Almost 20 years in the making, a revised Old Testament uses updated language to get readers closer to the ancient texts.
The NC Register reports:
The New American Bible Revised Edition (NABRE) released on Ash Wednesday provides Catholics with a new translation of Scripture that is more faithful to the original texts than previous versions. But will they embrace the idiomatic English and fresh but unfamiliar renderings of many of the Bible’s most famous passages?
“One of the major goals,” said Robert Di Vito, a key editor of the project and an associate professor of theology at Loyola University Chicago, where he specializes in the Old Testament and Northwest Semitic philology, the linguistics of ancient biblical languages including Hebrew and Aramaic, “was to have a translation that uses colloquial and contemporary American English.”
But updating the language wasn’t the only motivation. Advances in the fields of archaeology, biblical studies and textual analysis made a new rendering of the Old Testament from the New American Bible’s 1970 first edition almost mandatory. “We’ve had 40 years of scholarship on the Dead Sea Scrolls to help improve the accuracy of the texts,” said Di Vito.
The New Testament remains unchanged, though the Psalter appears in its third edition, newly reworked from a 1991 translation that stirred controversy at the time.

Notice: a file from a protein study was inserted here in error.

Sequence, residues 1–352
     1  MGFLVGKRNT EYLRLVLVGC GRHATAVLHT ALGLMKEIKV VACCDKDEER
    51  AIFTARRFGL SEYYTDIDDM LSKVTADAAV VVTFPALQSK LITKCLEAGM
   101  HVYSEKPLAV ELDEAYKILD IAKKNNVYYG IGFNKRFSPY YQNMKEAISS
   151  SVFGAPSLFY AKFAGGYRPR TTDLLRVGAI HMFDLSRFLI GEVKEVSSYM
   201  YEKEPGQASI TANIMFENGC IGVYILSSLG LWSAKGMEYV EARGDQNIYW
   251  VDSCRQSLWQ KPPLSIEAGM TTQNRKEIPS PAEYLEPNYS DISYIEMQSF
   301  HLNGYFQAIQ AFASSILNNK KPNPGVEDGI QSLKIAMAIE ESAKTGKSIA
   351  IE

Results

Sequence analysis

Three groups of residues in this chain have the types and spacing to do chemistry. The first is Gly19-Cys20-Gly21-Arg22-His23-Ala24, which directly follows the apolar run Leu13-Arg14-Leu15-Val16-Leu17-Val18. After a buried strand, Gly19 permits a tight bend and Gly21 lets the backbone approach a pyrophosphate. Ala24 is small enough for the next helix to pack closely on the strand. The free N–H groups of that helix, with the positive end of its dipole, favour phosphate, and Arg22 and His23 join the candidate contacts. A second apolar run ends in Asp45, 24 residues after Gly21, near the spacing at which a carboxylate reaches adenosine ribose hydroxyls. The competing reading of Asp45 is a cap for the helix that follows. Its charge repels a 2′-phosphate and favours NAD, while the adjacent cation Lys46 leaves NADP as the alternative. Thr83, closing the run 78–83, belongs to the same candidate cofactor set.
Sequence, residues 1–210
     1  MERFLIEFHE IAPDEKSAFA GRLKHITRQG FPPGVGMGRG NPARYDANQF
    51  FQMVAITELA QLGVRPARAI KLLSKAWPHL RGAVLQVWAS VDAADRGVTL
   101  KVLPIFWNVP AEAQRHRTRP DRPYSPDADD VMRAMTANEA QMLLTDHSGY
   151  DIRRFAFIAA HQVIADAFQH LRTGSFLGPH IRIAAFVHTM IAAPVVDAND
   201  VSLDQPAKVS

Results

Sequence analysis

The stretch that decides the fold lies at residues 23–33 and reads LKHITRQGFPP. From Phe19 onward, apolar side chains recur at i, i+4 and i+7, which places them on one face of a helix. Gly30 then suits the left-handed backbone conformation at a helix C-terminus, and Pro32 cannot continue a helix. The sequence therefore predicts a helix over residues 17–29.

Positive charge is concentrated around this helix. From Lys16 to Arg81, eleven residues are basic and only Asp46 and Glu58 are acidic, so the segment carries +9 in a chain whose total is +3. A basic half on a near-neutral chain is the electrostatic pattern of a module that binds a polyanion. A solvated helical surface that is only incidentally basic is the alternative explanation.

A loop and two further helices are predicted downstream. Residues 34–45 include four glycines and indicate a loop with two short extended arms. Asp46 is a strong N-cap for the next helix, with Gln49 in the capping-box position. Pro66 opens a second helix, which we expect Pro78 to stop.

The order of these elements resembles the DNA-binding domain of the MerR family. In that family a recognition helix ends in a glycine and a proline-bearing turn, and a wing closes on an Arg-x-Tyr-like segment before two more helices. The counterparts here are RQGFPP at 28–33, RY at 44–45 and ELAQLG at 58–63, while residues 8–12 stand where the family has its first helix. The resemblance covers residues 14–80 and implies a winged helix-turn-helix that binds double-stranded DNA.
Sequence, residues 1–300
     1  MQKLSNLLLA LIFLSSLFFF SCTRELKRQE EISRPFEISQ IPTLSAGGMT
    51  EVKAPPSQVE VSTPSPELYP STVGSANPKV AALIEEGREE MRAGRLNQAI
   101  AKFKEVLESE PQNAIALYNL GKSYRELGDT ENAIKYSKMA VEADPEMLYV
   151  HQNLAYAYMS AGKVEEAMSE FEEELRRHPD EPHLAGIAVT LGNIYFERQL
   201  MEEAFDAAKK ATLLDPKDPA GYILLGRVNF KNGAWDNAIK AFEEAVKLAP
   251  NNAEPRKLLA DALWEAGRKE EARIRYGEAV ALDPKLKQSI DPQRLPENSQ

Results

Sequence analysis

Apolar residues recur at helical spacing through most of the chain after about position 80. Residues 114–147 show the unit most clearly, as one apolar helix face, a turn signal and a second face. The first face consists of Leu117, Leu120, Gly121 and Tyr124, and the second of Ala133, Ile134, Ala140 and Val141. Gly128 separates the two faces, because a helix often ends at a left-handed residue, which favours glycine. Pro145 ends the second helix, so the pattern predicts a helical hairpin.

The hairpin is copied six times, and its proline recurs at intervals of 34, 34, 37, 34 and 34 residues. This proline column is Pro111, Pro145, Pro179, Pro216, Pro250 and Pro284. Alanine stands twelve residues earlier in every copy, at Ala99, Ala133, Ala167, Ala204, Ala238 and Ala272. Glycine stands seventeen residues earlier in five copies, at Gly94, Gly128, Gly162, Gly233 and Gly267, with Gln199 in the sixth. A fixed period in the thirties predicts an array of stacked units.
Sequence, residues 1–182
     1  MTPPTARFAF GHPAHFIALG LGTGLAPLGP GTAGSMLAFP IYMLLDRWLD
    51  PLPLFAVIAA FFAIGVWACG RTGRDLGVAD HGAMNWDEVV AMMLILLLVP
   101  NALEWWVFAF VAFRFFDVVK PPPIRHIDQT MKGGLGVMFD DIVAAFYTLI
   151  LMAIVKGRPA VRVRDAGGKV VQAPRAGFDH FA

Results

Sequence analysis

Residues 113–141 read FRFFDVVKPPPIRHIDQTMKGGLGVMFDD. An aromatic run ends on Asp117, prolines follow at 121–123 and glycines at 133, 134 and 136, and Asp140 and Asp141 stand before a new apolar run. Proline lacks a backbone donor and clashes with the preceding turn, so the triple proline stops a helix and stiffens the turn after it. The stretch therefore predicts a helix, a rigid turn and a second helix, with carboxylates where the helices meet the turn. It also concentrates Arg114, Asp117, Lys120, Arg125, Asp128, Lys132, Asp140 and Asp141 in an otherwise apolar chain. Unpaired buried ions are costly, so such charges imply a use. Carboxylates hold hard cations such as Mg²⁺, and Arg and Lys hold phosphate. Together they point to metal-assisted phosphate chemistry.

This new version of the Bible, approved for personal and scholarly use but not affecting the readings used at Mass, was two decades in the making…
A major concern with any recent translation of Scripture is always how “inclusive language” — language tailored so as not to offend a particular group, most often women — is employed…
“We did try to make [this translation] inclusive to the extent that we could within the guidelines of Rome,” said Benedictine Father Joseph Jensen, a NABRE editor. As executive secretary of the Catholic Biblical Association, Jensen signed a letter critical of Liturgiam Authenticam, a Vatican instruction on translating the liturgy into the vernacular…
While all these concerns are important, the average Catholic is more likely to ask simpler questions: Do I like this new translation? Does it read well?
Read the whole piece here.
Got to get my hands on one! (Sometime…)
I mentioned the release before here.